Nothing to Hide


Leather facts

Nothing to Hide: The meat industry and cattle hides

About this essay

The original version of Nothing To Hide Essay Five, published at the end of 2014, came from Dr Phil Hadley, now the international market development director at the UK’s Agriculture and Horticulture Development Board (AHDB). Additional information for this new version of the essay has come from the Leather and Hide Council of America, the United Nations Food and Agriculture Organisation, a number of the bodies involved in setting up the 2021 UN Food Systems Summit in New York, some groups opposed the summit, and the BBC.

Executive summary

There has always been a delicate balance between the meat industry and the leather sector. Since we published the original version of essay five in the Nothing To Hide series, the challenges facing the meat sector have intensified. The purpose of this essay is to try to track some of the major changes that are affecting the meat sector and to invite those in the leather industry to keep a close watch on what is happening.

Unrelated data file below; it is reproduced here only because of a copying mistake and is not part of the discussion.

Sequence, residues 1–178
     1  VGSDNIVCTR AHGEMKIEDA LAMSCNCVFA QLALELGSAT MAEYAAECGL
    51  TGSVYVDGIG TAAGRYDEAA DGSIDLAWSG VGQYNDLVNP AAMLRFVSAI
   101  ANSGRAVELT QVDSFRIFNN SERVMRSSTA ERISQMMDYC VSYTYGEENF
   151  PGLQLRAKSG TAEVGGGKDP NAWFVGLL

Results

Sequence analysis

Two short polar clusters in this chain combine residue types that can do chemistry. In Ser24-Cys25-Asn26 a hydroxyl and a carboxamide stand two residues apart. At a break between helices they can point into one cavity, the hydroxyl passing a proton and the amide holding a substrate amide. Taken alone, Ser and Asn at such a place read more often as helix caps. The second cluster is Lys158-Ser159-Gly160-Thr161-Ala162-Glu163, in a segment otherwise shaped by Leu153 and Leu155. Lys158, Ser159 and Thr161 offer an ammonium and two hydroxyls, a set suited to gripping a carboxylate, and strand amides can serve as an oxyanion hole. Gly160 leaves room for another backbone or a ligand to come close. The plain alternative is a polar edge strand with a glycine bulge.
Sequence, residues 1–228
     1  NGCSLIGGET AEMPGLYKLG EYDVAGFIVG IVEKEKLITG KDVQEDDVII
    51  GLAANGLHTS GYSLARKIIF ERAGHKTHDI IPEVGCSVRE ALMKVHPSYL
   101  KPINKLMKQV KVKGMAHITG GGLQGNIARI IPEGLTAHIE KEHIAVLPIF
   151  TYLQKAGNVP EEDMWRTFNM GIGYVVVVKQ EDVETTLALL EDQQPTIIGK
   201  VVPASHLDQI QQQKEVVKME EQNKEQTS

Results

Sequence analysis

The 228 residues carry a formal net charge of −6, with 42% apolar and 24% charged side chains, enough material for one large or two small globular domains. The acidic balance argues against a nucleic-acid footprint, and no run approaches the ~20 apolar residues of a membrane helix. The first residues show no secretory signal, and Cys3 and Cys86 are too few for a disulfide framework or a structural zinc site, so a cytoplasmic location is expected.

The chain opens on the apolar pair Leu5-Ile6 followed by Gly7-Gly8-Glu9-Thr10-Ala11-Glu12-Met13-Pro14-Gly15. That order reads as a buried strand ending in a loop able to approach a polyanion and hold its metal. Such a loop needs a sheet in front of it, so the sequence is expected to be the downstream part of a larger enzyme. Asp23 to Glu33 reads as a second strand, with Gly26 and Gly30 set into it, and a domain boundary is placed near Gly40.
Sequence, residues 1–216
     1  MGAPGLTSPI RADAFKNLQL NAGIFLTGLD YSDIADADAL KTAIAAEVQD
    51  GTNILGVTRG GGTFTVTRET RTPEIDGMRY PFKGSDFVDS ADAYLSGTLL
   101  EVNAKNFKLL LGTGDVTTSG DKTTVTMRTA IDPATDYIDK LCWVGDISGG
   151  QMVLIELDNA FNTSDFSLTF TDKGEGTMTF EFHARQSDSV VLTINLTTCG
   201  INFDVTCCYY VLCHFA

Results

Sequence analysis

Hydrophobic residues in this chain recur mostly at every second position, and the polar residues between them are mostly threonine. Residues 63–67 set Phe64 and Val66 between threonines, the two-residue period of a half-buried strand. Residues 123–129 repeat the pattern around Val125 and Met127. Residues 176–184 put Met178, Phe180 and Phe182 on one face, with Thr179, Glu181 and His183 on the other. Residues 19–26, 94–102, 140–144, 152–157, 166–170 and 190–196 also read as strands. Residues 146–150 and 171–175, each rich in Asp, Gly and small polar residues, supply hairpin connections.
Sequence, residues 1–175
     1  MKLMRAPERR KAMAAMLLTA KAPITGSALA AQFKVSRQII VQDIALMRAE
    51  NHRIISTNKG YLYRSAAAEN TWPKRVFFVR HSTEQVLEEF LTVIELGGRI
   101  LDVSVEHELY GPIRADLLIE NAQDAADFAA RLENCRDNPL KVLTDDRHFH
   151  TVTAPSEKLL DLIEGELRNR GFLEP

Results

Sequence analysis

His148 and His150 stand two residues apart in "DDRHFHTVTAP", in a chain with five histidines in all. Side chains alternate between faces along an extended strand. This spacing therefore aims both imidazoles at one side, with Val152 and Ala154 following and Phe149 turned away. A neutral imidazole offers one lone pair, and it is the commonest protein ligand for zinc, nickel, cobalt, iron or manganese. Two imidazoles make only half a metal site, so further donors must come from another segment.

Livestock farmers will continue to send cattle to slaughter to supply growing global demand for beef. However, the rise of processed, substitute non-meat protein products (and, especially, the enormous level of influence their advocates appear to have in shaping the policies that will govern global food systems in the years ahead) are making many in the meat sector wary.

A decade of change lies ahead as the world strives to recover from the covid-19 pandemic and to fulfil the United Nations’ Sustainable Development Goals by 2030. Business as usual for the meat industry and, therefore, for the leather manufacturers who use the hides that accrue from it will not be possible.

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